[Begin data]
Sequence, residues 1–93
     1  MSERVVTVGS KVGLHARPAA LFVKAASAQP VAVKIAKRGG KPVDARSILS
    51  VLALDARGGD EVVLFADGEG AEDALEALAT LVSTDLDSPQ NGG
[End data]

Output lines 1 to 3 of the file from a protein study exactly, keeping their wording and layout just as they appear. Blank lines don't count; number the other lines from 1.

Sequence, residues 1–93
     1  MSERVVTVGS KVGLHARPAA LFVKAASAQP VAVKIAKRGG KPVDARSILS
    51  VLALDARGGD EVVLFADGEG AEDALEALAT LVSTDLDSPQ NGG